How does Jack's character change from the beginning of Lord of the Flies to the end?

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Kristen Lentz eNotes educator| Certified Educator

In Lord of the Flies, Jack's character morphs from that of civilized choir boy to savage hunter.  At the beginning of the novel, Golding emphasizes Jack's clothing as defining his role as a leader.  Jack Merridew's body "from throat to ankle" is concealed by a black cloak with a "long silver cross on the left breast;" his golden cap badge denotes him as being a leader among the other choir boys (21).  Jack's status as head choir boy gives him authority and power over the other boys:

"'I ought to be chief,' said Jack with simple arrogance, 'because I'm chapter chorister and head boy. I can sing C sharp'" (22).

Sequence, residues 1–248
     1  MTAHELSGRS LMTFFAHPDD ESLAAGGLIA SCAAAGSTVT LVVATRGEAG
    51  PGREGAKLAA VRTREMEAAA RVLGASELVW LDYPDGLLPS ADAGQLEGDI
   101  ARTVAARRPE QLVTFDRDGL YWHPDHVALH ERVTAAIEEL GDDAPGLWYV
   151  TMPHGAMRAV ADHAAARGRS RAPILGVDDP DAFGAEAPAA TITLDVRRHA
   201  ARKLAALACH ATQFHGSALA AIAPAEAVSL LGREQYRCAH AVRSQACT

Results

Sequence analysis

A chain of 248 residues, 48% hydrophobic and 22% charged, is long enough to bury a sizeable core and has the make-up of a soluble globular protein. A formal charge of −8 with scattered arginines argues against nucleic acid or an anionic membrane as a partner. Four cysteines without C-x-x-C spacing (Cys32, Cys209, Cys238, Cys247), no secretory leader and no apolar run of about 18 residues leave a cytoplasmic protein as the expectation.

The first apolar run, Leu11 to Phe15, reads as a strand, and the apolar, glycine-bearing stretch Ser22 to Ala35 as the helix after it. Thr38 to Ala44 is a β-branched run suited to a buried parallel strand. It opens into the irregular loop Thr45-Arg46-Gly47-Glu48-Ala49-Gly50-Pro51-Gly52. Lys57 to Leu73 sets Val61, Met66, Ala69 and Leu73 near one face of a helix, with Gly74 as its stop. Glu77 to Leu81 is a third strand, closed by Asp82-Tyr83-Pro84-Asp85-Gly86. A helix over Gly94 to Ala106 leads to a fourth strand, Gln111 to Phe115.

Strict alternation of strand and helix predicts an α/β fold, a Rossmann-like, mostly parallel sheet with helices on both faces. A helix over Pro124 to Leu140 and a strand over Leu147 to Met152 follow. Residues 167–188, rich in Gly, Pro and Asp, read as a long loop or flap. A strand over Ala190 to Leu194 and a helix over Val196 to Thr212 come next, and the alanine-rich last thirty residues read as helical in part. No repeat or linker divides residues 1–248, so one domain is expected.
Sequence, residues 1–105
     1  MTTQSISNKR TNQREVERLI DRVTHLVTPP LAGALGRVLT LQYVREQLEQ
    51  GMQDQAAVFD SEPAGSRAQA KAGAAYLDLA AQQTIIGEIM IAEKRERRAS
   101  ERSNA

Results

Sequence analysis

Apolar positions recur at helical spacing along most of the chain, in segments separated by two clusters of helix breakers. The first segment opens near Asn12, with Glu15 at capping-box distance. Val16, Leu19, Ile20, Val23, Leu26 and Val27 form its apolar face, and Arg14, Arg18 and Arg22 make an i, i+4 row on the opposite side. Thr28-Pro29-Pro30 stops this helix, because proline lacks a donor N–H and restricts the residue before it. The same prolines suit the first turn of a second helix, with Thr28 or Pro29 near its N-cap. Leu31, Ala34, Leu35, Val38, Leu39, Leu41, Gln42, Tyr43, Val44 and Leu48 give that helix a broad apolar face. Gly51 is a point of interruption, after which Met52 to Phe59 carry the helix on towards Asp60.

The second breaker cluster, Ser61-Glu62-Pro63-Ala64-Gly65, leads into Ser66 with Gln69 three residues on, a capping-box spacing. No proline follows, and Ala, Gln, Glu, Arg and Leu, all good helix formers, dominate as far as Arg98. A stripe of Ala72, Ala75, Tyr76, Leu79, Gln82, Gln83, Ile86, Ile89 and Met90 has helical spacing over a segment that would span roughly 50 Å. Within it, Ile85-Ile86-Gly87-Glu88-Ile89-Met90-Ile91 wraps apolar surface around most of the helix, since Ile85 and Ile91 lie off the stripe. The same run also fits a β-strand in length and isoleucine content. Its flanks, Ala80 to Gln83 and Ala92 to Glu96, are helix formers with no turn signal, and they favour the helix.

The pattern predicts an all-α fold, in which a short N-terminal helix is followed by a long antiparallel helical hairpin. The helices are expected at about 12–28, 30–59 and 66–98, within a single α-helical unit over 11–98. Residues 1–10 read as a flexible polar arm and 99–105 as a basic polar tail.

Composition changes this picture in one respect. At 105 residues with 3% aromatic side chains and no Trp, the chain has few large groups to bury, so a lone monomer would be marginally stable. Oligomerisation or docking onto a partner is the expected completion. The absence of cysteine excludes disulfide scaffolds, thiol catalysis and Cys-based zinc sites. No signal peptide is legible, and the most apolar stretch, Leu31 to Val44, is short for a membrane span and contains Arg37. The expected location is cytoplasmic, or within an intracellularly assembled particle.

As his time on the island lengthens, Jack desires to maintain the feeling of authority and power that he enjoyed from his head boy position and replaces that civilized role with the role of being the best hunter.  From the very first tribal meeting, Jack made it clear among the other boys that he wishes to be chief, and he uses his influence as the best hunter in an attempt to supplant the boys' chosen leader, Ralph.  The scene in chapter four in which Jack paints a mask onto his face reveals much about his transformation from choir boy to savage:

"He looked in astonishment, no longer at himself but an awesome stranger. [...] He began to dance and his laughter became a bloodthirsty snarling" (64).

Hunting and the creation of the mask serves as a catalyst for Jack's descent into savagery on the island.  He goes from being a boy who could not stand the idea of blood, to one who relishes the kill.  Furthermore, wearing the mask "liberated" Jack from "shame and self-consciousness" (64).  By the end of the novel, Jack behaves as a true blood-thirsty savage, willing to kill any of those who would challenge his power.

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Lord of the Flies

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